By Lawrence “Mack in Texas” Hall (Rated G)
Some high school graduates are in the top ten per cent of their class, and that’s good enough for them, but I was in the top eighty percent of my class, and eighty is a higher number than ten, so their. Or they’re. Or something.
Ranking as highly as I did I wasn’t able to see much of my commencement program because I was ‘way back somewhere in the middle, a glorious mediocrity whose personal academic achievements were recognized by my teachers for twelve years; they even took the trouble to write them out on my report cards: “Mack needs to try harder,” “Mack needs to pay attention in class,” and “Mack needs to do his homework.”
For this year’s graduating class, everyone, regardless of ranking, will be more visible – either spaced six feet apart on the football field or in a parking lot, or right up front a few inches away from a glowing screen. If a senior tosses his (the pronoun is gender-neutral) cap it’s likely to take out a living-room light bulb.
There is no point in old sourpusses snorting that high school graduation is not important; it is to those involved. It is a secular liturgy, a rite of passage from childhood or to adulthood (although many of those elected to high national office seem to have flunked adulthood). Graduation might not be a big deal to the old grumpies twitting on their MePhones, but then graduation not about them. Graduation is a big deal for every eighteen-year-old, and it is a marvel to see how every school board (whom we elected, remember) has supported administrators, teachers, and parents (the ones who work, not the ones who complain on the InterGossip) in making sure that, come (Newark, New Jersey) or high water, the kids are going to have a graduation this year.
Inside ceremonies are forbidden because of The Virus That Must Not Be Named, and outside ceremonies here on the same latitude as Calcutta will be subject to heat, humidity, mosquitoes, and thunderstorms, but, still, sorta being sorta together will be sorta nice.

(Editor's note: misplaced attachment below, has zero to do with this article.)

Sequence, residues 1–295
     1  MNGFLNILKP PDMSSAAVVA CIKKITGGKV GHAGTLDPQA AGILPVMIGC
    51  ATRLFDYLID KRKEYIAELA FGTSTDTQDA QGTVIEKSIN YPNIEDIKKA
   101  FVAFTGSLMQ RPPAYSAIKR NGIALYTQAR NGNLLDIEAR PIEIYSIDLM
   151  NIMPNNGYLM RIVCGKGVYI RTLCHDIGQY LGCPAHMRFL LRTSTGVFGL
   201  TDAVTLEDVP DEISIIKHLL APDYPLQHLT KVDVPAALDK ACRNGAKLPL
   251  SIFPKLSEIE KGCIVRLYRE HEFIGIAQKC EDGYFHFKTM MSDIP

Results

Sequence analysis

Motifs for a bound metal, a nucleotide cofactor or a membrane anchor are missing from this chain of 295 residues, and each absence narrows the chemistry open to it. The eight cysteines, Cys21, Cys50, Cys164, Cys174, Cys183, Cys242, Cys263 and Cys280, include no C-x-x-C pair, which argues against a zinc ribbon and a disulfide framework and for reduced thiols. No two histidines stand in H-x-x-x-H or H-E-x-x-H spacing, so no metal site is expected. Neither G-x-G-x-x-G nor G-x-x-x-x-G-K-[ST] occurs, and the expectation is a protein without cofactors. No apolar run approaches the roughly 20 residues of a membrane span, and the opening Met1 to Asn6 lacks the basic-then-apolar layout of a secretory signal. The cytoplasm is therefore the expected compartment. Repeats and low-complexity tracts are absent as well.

Antisocial distancing via computer wouldn’t be as much fun, but it would be air-conditioned and dry and mosquito-free, and if the guest speaker, the salutatorian, and the valedictorian rattle on too long about metaphorical keys that unlock metaphorical doors to metaphorical whatevers the graduate can discreetly peek at another channel.
I long to see a graduation ceremony in which the two graduates with the lowest GPAs get to give speeches too. That would be something to hear.
As with every graduating class, each former student will wake up on the next Monday morning to realize that he or she is no longer a senior but rather just another unemployed American who needs to look for a job. This year’s graduating class is different from any since the 1930s because on their first Monday morning of adulthood they will wake up to a national unemployment rate of around 15% (https://unemploymentdata.com/charts/current-unemployment-rate-chart/).
As adjusted for reality, you are 100% unemployed if you don’t have a job.
Beginning a career this year is going to require a little hustle (as a coach would say), but, yes, the no-longer-kids are going to be fine.
And the old grumpies should remember that this year’s high school graduates will in ten years be our doctors, cops, firefighters, nurses, dentists, soldiers, high-rise builders, teachers, oil drillers, bankers, entrepreneurs, attorneys, moms, and dads.
By then, of course, the class of 2020 will be complaining about the impertinence of the class of 2030 and the class of 2030 will be complaining about those old people who graduated in 2020 and need to get out of the way.
Life goes on, and it is (mostly) good.